Turner Construction Co. - Nationwide Children's Hospital

As the country’s second-largest general contractor, Turner Construction operates on a very intimate scale. With more than 5,000 employees intertwined throughout a network of offices – nationally and around the globe – the company provides myriad services, including design/build, logistics, building information modeling, facilities management solutions and lean construction, as well as medical planning and procurement.

With more than 1,200 projects in operation each year, Turner Construction has been able to garnish $8 billion in annual construction volume as a result of its localized business model. According to sources at the company, Turner Construction has perfected the ability to think globally and build locally. As a result, the company offers clients the accessibility and support of a local firm with the stability and resources of a multi-national organization.

Sources at Turner Construction note that the company seeks clients who value diligence, resourcefulness and creativity in a partner. “We’ve excelled at listening to what our customers want and tailoring our construction efforts around being client-driven and creating their satisfaction,” a Turner Construction representative says. “We’re not just building buildings; we’re building relationships with clients.”

A Complex Project

Turner Construction currently is applying its unique expertise on a large-scale project at the Nationwide Children’s Hospital in Columbus, Ohio. The new 238,000-square-foot research facility – referred to as Research Building III (RB3) – is being constructed on the west side of the medical center’s campus.

According to Michael Hall, project manager, engineering services, Nationwide Children’s Hospital, RB3 will allow expansion of existing research centers, while providing the necessary space for recruitment of new principal investigators. “The building is designed to increase collaboration between traditional wet bench and dry lab researchers,” he adds. “We plan to achieve this through strategic placement of shared community facilities and multiple interconnections between floors.” NBBJ is the architect of record and responsible for this unique design.

Because the facility is a research laboratory, there are a number of unique aspects to its design that make it an engineering marvel, as well as a complex construction undertaking. As Hall explains, traditional research laboratories are dark, clustered, back-of-house spaces. However, with the new RB3, the design is more functional. The new building is relatively shallow with substantial exterior and interior glass that allows light to penetrate much of the building’s core.

Designers of the RB3 project had to consider several obstacles when accommodating the current and future needs of researchers. For example, high-performance glazing systems had to be installed to facilitate the desired research results, yet they couldn’t sacrifice energy usage. And, as Hall explains, the typical 100 percent outside-air required for a wet lab operates on a less-than-desirable energy efficiency model. Thus, heat recovery became a major concern for the design team of RB3. “The use of heat pumps and heat recovery wheels has helped to create a more efficient, sustainable building,” Hall notes.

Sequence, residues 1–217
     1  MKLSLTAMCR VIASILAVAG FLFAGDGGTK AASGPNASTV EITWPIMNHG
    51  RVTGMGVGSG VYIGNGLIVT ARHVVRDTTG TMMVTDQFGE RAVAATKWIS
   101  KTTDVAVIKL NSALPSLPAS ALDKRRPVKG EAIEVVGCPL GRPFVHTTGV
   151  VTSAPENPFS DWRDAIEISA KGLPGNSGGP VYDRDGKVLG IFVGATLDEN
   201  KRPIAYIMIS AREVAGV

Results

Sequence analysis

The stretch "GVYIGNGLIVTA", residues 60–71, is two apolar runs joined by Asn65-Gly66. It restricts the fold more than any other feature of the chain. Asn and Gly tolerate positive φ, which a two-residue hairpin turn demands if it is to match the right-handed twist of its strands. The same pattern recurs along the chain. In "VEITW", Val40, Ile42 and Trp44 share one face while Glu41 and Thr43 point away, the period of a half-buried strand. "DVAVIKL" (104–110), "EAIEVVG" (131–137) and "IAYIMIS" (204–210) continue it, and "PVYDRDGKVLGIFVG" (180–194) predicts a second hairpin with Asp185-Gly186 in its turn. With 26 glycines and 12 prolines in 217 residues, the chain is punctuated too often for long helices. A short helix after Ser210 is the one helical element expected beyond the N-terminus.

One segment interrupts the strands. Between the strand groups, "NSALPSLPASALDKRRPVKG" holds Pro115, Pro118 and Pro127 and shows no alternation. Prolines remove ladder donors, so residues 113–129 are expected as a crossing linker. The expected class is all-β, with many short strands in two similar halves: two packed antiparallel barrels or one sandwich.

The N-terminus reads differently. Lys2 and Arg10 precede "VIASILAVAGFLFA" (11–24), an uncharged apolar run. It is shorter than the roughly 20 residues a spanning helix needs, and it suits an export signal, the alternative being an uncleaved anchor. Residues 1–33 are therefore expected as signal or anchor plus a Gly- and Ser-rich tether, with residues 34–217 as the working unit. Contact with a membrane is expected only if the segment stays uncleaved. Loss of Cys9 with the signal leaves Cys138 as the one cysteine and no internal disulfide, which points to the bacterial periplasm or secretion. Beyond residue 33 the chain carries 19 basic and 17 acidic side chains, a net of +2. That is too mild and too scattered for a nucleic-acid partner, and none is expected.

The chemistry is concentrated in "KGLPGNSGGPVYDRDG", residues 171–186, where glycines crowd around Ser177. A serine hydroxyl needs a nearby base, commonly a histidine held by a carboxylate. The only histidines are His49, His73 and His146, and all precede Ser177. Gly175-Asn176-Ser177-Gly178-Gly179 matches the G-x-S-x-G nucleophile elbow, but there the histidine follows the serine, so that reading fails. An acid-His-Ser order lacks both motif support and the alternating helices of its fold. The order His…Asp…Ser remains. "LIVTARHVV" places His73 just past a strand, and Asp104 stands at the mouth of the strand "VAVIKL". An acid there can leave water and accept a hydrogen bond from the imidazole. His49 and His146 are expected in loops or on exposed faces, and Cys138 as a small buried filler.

With regard to future needs of the building, Turner and the RB3 design team implemented some clever elements that will prove helpful to Nationwide Children’s Hospital as the campus evolves in the next several decades. “Removable foundation panels were strategically placed to allow tunnel connectivity and sharing of resources,” Hall adds.

Planning for the future was the easy part on the RB3 project. As Hall explains, the technology revolution within pediatric research has been an ongoing struggle for the project designers.

“We are interested in opening a facility with the most current validated technologies, but as updated systems become available, modifications to the building are typically required,” he says. “Design did not cease the day the permit was issued. Instead, we’re expecting the design process to cease before the first dry lab researchers move into the building in May of this year.”

With only a handful of weeks remaining until the first researchers occupy lab space at RB3, the project is nearly complete, and already it is being considered a success. This is undeniably the result of a seamless working partnership between Turner and Nationwide Children’s Hospital. According to sources at Turner Construction, the RB3 project is the eighth successful collaboration between the general contractor and the hospital in a partnership that has span nearly 25 years.

Turner describes the relationship between the two organizations as trusting. The company is client-driven and takes into account the specific needs that come with each project. Over the course of a quarter century, the relationship between the two has become that of friends.

“Nationwide Children’s Hospital is a large, complex organization with high expectations of the contractors who work in our facilities,” Hall adds. “Turner has been willing to adapt to our changing needs and continues to earn the opportunity to bid our projects.”

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